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Strength and high levels of power production

Particular joint movement

The term strength will be employed to identify the maximal force or torque that can be developed by the muscles performing a particular joint movement (e.g. elbow flexion, knee extension). However, the muscles may perform at maximal effort as either isometric, concentric or eccentric actions and the two dynamic actions may be performed at a wide range of velocities.

An infinite number of values for the strength of muscle(s) may be obtained either for an isolated muscle preparation or for a human movement as related to the type of action, the velocity of the action, and the length of the muscle(s) when the measurement is accomplished.

Performance of sport

Therefore, strength is not the result of an assessment performed under a single set of conditions. Because of the number of variables or conditions involved, strength of a muscle or muscle group must be defined as the maximal force generated at a specified or determined velocity (Knuttgen & Kraemer 1987).

For a particular exercise performance with free weights (e.g. military press in power lifting, clean and jerk in Olympic weightlifting), the combination of strengths employed to complete the man oeuvre is assessed as the largest mass lifted. The performance of sport and all exercise can be assessed and described in terms of force, work, torque, power and endurance time, and presented in the units of the International System of Measurement (the SI).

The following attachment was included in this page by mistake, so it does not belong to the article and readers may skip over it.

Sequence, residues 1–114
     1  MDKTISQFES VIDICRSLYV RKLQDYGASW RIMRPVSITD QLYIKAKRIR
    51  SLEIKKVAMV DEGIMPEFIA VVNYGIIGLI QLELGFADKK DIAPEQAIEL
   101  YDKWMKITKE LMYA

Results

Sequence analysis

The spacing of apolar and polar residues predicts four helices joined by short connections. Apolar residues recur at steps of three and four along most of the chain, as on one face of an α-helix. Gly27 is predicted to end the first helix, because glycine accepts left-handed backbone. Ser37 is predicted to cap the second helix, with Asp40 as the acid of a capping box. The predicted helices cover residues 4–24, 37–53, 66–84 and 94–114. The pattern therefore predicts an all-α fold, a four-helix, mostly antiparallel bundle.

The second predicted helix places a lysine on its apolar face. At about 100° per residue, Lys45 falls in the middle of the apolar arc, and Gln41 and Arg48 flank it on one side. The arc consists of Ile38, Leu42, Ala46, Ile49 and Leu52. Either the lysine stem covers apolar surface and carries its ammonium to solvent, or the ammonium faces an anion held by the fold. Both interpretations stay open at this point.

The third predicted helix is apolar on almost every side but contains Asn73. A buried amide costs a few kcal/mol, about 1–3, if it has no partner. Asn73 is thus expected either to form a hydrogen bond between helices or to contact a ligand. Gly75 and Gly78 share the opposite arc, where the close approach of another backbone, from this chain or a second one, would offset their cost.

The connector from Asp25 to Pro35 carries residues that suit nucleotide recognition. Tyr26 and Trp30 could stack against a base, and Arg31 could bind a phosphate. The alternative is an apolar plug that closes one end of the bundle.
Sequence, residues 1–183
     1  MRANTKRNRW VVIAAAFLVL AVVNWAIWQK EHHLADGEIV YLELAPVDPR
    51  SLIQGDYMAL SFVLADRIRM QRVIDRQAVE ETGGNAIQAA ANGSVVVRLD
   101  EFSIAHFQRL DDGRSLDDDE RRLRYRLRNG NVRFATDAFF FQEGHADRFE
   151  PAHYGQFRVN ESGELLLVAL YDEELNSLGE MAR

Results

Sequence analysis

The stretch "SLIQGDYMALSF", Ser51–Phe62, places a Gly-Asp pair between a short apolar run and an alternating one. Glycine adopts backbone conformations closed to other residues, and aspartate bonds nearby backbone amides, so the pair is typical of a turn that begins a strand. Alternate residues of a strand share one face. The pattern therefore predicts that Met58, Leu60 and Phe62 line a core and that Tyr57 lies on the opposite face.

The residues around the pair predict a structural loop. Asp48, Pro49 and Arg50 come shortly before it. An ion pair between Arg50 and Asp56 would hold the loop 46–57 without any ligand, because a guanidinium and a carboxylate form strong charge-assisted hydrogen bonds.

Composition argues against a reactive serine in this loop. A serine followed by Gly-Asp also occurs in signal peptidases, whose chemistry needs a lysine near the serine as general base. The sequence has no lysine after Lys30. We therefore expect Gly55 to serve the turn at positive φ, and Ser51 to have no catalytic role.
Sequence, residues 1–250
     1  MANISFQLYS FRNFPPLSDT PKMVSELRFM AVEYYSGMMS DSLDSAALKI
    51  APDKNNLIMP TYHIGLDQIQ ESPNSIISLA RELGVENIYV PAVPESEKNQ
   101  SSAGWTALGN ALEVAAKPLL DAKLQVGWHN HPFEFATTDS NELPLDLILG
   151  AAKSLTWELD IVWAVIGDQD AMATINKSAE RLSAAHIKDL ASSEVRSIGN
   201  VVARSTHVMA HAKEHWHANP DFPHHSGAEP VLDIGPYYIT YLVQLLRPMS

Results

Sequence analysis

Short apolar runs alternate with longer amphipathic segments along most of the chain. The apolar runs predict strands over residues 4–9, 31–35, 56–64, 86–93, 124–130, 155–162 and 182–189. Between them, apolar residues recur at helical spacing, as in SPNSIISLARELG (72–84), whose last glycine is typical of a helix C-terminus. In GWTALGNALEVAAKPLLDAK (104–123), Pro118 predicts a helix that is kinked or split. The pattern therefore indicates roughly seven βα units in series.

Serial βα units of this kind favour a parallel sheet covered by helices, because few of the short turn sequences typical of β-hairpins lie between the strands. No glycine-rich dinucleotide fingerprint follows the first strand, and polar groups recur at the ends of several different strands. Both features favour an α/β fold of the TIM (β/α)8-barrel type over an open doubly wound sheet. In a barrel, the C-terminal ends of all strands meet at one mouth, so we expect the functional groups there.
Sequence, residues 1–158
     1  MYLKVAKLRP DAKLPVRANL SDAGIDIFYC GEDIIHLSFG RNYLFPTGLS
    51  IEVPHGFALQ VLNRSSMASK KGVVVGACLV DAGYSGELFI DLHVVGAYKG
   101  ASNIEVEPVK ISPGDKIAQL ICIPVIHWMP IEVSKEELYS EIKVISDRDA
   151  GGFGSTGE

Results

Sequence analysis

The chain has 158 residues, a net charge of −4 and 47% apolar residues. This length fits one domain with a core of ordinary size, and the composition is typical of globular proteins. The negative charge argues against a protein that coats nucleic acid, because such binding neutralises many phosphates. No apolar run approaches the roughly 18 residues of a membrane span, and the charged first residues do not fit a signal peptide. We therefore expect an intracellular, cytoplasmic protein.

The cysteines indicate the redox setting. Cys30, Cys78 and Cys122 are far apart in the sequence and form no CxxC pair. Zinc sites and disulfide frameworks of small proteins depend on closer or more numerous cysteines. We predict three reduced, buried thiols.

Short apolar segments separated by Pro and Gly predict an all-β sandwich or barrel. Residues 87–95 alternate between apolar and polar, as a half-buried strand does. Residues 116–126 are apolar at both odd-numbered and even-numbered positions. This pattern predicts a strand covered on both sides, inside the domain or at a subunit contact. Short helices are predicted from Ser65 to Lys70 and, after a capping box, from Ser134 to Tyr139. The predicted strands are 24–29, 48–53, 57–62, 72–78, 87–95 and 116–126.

Power production

The human body is capable of power production over a wide range from low-intensity aerobic exercise, to exercise eliciting peak oxygen uptake for the muscles involved, high-intensity anaerobic exercise emphasizing anaerobic glycolysis as the main energy source, and the highest power productions which rely solely on the high-energy phosphates as the energy source.

The chapters of this volume will concentrate on the highest expressions of power which involve predominantly the high-energy phosphates, with the possible contribution of anaerobic glycolysis when the short, intense exercise performance lasts for periods somewhat longer than a few seconds.

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